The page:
"Managers of Scrum teams"
agilealliance.org/glossary/scrum-of-scrums/ displays the following:
A technique to scale Scrum up to large groups (over a dozen people), consisting of dividing the groups into Agile teams of 5-10. Each daily scrum within a sub-team ends by designating one member as "ambassador" to participate in a daily meeting with ambassadors from other teams, called the Scrum of Scrums.
Depending on the context, ambassadors may be technical contributors, or each team's Scrum Master, or even managers of each team.
The Scrum of Scrums proceeds otherwise as a normal daily meeting, with ambassadors reporting completions, next steps and impediments on behalf of the teams they represent. Resolution of impediments is expected to focus on the challenges of coordination between the teams; solutions may entail agreeing to interfaces between teams, negotiating responsibility boundaries, etc.
The Scrum of Scrum will track these items via a backlog of its own, where each item contributes to improving between-team coordination.
Also known as a "meta Scrum".
I've started expanding my scaled skills (studying towards SPS), and came accross this. While I appreciate Nexus isn't the same as "Scrum of Scrums" (which I've seen "promoted" as part of SAFe), the question I have is this: what does the "managers of each team" refer to? Cause to me it seems like they're stating each Scrum team has a manager.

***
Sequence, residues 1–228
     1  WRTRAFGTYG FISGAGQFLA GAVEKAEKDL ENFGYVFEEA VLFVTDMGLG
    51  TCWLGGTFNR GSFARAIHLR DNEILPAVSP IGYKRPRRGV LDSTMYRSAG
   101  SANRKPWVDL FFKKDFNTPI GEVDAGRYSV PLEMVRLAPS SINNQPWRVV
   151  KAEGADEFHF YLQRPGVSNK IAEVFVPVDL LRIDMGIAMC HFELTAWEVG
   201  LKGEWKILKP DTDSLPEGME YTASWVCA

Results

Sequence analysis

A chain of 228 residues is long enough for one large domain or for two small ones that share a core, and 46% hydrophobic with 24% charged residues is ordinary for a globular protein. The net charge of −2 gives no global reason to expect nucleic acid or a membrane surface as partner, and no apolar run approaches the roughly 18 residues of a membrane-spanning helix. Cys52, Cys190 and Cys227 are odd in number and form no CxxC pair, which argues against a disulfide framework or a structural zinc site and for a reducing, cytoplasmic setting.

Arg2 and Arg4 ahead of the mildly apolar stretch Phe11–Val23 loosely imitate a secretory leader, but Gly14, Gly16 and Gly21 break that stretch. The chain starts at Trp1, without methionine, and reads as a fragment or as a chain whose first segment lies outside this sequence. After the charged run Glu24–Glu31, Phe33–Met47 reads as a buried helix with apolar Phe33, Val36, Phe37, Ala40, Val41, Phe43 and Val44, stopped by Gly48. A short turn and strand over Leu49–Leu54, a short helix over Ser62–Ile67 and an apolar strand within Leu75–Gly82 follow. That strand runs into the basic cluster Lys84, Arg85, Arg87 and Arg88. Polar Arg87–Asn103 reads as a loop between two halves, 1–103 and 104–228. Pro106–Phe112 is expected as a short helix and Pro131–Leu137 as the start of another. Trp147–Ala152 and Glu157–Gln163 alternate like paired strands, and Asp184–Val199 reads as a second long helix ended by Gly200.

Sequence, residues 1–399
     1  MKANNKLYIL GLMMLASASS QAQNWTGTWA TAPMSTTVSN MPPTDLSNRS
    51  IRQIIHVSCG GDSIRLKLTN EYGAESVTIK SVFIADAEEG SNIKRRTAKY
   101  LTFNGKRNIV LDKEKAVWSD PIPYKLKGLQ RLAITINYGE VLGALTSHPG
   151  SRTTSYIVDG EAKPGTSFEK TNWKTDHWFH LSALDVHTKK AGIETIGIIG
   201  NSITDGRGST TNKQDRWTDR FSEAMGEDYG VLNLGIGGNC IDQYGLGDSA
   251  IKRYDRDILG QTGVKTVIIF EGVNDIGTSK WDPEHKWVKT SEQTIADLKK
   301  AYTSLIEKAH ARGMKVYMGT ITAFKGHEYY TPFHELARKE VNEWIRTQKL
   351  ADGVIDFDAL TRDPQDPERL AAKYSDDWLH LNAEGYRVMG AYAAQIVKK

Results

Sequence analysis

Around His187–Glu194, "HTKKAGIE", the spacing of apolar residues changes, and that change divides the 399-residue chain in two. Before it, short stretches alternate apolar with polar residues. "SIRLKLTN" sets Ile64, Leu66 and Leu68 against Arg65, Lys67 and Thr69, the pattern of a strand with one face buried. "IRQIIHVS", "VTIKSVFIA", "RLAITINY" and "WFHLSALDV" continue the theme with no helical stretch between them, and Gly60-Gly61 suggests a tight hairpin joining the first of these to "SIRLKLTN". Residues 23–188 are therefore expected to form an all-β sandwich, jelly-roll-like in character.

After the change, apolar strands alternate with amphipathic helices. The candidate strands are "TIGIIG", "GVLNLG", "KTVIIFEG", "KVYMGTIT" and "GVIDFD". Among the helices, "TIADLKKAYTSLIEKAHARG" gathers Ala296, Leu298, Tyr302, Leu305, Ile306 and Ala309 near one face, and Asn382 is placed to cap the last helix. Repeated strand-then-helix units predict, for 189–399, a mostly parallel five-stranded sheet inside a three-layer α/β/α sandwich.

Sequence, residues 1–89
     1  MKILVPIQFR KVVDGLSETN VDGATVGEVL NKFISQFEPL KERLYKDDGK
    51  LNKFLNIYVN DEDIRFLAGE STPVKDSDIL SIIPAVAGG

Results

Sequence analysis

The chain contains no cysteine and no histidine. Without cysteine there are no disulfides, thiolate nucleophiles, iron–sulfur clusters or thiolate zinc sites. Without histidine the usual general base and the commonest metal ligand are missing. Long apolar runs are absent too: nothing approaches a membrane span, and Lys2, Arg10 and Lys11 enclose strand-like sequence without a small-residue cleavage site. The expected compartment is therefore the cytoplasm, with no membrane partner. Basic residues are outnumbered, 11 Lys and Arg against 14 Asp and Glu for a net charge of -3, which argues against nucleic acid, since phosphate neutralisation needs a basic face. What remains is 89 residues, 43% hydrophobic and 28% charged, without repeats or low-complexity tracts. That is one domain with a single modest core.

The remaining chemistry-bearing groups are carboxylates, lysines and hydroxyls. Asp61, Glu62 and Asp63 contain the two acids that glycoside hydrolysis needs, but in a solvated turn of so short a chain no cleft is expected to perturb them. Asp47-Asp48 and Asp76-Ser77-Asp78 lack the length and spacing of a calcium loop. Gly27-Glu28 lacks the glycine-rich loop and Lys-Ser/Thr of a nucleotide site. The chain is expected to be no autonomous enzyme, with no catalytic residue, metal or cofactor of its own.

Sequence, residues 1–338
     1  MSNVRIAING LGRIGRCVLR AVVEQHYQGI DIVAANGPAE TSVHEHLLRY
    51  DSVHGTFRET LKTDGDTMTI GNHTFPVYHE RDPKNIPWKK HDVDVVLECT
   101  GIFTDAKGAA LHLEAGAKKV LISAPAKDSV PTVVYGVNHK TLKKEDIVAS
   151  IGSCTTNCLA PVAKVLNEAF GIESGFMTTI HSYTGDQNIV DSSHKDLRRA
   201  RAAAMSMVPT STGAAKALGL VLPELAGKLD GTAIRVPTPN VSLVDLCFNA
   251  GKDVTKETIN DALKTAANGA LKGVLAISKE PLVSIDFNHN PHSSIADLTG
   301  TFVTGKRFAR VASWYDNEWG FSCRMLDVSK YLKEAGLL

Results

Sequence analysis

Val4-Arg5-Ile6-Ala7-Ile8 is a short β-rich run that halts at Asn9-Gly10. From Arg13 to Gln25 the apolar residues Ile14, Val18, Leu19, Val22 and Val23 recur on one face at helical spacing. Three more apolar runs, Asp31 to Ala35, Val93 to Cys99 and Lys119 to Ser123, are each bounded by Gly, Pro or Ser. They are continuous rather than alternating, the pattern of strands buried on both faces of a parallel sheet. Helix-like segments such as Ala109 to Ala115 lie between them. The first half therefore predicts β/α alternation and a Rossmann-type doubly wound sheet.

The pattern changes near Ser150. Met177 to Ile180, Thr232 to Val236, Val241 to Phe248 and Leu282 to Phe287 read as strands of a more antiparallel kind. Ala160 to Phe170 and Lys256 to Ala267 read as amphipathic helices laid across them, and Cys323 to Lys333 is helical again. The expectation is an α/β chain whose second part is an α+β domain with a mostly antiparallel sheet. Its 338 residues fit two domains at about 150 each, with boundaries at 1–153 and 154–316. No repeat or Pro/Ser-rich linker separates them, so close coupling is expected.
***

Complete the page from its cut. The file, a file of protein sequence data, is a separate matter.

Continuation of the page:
As you stated and my knowledge of the Scrum of Scrum/meta Scrum concept is from SAFe. I admit that I am not completely versed in SAFe because I've had a need to be. However, I had this page bookmarked from some research I did into SAFe.
It is also pretty widely acknowledged that even in Scrum there is a need for someone to help individuals navigate the path of career development in an organization. So, as it says "depending on the focus" I can see where a manager might be included. If the Scrum of Scrums is discussing strategy for solving problems based on new information a manager could contribute by helping to identify individuals with the skills or desire to learn the technology needed.
That is just one suggestion off the top of my head but given time, I could probably come up with others. Whether we want to admit it, companies of today are going to have managers. The corporate world is too rooted in hierarchy to change easily. Most compensation schemes are based on levels of titles (i.e. Junior Engineer, Engineer, Senior Engineer, Principle Engineer, etc) and to ensure that those levels are applied correctly and that every individual has a fair chance at progressing, there has to be someone responsible for that. The Manager role is how that occurs.
If Scrum Teams are not self-managing, they are not yet in a position to scale.
Scrom of Scrums (SoS) appears in a few scaled up frameworks (e.g. Less, Scrum@Scale, SAFe).
As I see and use it, the forum first priority is to support the teams. Even the best self-organized teams need support (and I have a couple in my group). For example, someone team require more lab equipment in order to increase its progress. The team can't solve that and therefore put that on the 'escalation board'. The SoS comes along and a manager can allocate the budget for the team. Another example is that they need to have a contact person for product X and they have no idea which team support that product. A manager in the organization might have an idea or help find someone who knows. Those are just coue of examples.
As SoS should support the teams, I would bring anyone that can help into this meeting, and managers as servant leaders can help.
This is my view. Hope it helps.